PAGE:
Last updated: 10 December, 2011

Lebanon blast hurts French UN troops and civilian

A roadside bomb wounded five French UN peacekeepers on patrol in southern Lebanon on Friday, in an attack the Lebanese president said was aimed at driving French troops out of the country.

The UN Security Council strongly condemned the third attack this year against the UN Interim Force in Lebanon (UNIFIL).

The bomb targeted a French UNIFIL patrol on the southern outskirts of the coastal city of Tyre, a security official said. Five peacekeepers and two civilians were hurt, officials said.

An AFP correspondent in Tyre saw three peacekeepers — a woman and two men — standing by their badly damaged white vehicle with bandages on their heads. One had a bloodied face. None had life-threatening injuries, officials said.

“This vile and despicable act not only aims to cause harm to the peacekeepers but also to undermine the stability and peace that have been prevailing in the south,” UNIFIL commander Major-General Alberto Asarta Cuevas said in a statement.

UNIFIL patrols have been the target of a string of unclaimed roadside bomb attacks in recent years.

Friday’s blast took place amid heightened tension over the revolt in Syria, with politicians and diplomats warning the unrest could spill into Lebanon, whose government is dominated by the pro-Syrian militant group Hezbollah.

The UNIFIL force stationed in the south of the country is considered an easy target if unrest did spread to Lebanon.

The office of Lebanese President Michel Sleiman, who is on a visit to Armenia, issued a statement denouncing the attack.

“This terrorist attack is aimed at pressuring these (French) troops to leave Lebanon and to pave the way for (further) terrorist acts,” Sleiman said.

“Lebanon’s security agencies will do everything to find and arrest those responsible for the explosion,” he added.

The United States condemned the bombing and urged Beirut to tackle its security problems in the south.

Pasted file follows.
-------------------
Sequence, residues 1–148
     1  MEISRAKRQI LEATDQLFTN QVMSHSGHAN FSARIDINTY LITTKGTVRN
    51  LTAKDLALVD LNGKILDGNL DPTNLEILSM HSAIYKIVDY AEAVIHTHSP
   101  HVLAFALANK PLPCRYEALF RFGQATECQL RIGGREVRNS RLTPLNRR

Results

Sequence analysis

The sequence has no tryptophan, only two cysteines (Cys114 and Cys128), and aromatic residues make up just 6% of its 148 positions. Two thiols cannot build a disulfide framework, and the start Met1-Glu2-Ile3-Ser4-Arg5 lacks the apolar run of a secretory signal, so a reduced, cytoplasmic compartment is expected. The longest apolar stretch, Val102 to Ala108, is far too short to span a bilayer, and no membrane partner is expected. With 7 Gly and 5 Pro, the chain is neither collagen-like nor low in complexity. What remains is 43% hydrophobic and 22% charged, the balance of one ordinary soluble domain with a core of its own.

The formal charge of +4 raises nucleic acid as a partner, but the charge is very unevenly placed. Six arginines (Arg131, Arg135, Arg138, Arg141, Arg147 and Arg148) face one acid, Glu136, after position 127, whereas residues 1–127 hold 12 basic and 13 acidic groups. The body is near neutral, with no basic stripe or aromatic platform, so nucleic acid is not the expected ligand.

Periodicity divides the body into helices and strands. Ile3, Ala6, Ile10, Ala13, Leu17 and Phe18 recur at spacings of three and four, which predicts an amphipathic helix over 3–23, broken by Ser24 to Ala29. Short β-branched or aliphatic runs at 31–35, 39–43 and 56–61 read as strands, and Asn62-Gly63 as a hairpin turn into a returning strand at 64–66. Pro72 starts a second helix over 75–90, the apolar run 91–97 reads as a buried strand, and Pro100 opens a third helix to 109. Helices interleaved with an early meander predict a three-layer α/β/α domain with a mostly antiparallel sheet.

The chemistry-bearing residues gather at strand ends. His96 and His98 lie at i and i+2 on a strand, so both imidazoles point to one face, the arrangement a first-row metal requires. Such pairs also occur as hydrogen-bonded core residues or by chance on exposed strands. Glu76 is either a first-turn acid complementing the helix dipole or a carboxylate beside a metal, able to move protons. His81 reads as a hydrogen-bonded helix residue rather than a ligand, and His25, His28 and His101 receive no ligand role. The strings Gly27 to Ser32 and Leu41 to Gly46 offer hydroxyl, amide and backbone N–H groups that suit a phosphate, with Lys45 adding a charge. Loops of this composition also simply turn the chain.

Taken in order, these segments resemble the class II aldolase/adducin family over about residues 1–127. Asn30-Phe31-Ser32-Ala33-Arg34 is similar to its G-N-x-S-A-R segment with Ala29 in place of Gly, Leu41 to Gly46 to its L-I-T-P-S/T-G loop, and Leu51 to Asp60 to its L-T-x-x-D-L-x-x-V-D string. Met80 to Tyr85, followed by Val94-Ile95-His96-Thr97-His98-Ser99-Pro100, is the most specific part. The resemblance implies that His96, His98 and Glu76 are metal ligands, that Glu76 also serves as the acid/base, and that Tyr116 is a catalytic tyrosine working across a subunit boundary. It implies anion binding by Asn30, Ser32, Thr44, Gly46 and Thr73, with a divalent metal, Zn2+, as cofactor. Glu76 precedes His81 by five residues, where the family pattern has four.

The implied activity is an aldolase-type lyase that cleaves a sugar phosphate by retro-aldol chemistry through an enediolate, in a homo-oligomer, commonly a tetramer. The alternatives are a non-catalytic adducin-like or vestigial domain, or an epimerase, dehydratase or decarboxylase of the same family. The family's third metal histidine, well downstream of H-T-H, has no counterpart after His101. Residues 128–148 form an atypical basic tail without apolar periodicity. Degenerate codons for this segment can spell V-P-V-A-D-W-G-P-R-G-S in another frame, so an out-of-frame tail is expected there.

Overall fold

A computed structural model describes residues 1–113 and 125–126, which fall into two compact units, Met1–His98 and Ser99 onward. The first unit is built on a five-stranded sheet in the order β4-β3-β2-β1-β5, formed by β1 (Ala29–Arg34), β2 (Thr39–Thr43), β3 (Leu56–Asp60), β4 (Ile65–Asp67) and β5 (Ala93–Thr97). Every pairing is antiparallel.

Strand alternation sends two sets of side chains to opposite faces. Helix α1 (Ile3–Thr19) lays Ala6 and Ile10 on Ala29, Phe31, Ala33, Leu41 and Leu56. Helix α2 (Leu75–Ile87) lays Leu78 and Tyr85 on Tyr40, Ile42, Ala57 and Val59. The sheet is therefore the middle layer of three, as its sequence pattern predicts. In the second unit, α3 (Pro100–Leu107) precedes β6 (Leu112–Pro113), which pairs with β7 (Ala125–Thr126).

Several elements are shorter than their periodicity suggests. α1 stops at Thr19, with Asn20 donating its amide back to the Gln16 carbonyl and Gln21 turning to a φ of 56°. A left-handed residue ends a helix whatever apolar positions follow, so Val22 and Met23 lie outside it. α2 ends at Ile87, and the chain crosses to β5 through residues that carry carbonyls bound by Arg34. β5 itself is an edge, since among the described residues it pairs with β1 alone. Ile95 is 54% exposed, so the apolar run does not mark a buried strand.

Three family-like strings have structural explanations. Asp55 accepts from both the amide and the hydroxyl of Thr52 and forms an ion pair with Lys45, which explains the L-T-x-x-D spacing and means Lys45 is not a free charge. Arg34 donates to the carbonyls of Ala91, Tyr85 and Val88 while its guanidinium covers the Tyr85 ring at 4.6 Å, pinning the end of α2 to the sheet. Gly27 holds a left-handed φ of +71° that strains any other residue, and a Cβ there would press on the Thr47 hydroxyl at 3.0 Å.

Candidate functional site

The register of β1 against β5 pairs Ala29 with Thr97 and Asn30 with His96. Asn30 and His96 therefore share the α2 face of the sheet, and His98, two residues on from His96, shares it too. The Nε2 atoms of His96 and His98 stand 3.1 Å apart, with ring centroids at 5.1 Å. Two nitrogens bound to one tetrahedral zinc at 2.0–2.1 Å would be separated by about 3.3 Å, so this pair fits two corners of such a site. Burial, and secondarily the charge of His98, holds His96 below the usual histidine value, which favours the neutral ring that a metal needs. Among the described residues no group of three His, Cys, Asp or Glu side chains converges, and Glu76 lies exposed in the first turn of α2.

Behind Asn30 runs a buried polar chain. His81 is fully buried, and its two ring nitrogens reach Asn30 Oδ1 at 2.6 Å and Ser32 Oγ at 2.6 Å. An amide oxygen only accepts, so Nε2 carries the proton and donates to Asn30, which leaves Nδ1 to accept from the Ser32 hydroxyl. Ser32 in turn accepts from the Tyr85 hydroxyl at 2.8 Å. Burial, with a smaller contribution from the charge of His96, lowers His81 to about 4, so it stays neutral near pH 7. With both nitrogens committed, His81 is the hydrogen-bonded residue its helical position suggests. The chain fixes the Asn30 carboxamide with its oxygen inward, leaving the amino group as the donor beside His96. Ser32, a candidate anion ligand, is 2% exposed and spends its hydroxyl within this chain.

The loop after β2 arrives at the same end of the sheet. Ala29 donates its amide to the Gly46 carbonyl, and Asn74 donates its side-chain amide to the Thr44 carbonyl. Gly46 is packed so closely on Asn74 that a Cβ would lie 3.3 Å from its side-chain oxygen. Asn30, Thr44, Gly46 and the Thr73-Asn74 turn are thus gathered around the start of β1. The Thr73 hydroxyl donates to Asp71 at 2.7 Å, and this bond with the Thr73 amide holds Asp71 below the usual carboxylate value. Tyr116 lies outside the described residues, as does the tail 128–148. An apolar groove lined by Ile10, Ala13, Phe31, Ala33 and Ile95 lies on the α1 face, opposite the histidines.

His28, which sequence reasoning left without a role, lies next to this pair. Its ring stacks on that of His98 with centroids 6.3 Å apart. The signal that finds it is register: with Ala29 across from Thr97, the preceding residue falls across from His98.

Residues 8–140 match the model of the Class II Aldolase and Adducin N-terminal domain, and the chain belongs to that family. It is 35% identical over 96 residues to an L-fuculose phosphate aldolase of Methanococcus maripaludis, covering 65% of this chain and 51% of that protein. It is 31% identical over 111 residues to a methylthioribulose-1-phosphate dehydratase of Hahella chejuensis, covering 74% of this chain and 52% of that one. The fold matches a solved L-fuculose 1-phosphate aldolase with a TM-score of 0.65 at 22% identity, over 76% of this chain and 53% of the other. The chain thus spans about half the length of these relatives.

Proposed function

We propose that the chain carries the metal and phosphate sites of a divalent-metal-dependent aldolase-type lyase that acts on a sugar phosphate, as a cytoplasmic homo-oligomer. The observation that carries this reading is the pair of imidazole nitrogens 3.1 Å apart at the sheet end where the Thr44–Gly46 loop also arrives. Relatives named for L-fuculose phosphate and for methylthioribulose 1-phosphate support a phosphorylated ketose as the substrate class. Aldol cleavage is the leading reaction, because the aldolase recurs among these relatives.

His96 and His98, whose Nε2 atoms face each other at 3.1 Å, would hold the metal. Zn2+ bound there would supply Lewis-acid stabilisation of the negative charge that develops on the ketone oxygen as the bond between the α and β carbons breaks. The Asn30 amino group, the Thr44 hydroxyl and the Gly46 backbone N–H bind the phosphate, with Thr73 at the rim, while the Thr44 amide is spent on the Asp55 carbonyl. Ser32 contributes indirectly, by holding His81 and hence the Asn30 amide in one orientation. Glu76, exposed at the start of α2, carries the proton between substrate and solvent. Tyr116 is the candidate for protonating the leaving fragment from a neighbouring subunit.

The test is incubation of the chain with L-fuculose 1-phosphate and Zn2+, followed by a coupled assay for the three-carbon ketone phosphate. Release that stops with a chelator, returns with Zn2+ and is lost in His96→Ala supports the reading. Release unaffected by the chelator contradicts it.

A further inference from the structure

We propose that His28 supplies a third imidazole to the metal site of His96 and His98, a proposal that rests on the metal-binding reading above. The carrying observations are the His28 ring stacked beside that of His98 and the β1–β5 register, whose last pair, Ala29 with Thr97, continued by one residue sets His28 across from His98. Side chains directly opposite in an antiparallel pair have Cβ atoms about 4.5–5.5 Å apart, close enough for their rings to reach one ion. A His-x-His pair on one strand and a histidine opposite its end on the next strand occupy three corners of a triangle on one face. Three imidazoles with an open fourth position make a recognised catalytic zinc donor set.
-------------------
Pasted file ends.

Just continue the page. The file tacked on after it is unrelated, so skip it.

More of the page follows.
“We again strongly underscore the need for Lebanon to exercise full sovereignty over its territory,” State Department spokeswoman Victoria Nuland said in a statement, alluding to the control exerted by Hezbollah in the south.

“Lebanon must ensure its armed forces serve as Lebanon’s sole defence force with a monopoly on the use of force and the possession of arms. All other armed groups should be disarmed,” Nuland said.

French Foreign Minister Alain Juppe strongly condemned the “cowardly” attack, saying in a statement that Paris would “not be intimidated by such vile acts” while UN leader Ban Ki-moon described the bombing as “deeply disturbing”.

MP Marwan Hamadeh, a leading member of the Western-backed opposition in Lebanon, blamed Damascus for Friday’s attack, saying it was orchestrated with the help of Hezbollah.

“It is clear that Syria was behind what happened today and the messenger was Hezbollah,” Hamadeh, who narrowly escaped death in a car bombing in 2004, told AFP. “Nothing happens in that region without Hezbollah’s approval.”

“The Syrians have accused France of being at the forefront of what they believe is a foreign plot to destabilise their country and everyone felt that something was bound to happen,” Hamadeh added.

But Hezbollah in a statement denounced the roadside bombing. “We call on Lebanon’s security services to do their utmost to stop such attacks,” it said.

Spain currently commands the 12,100-strong UNIFIL force, which was founded in 1978 and expanded after a 2006 war between Israel and Hezbollah.

France has one of the largest contingents with 1,300 soldiers.

In July, six French UNIFIL troops were wounded, one of them seriously, in the southern coastal town of Sidon, in an attack similar to Friday’s. In May, six Italian peacekeepers were wounded in Sidon, also in a roadside bombing.

Three Spanish and three Colombian peacekeepers were killed in June 2007 when a booby-trapped car exploded as their patrol vehicle drove by.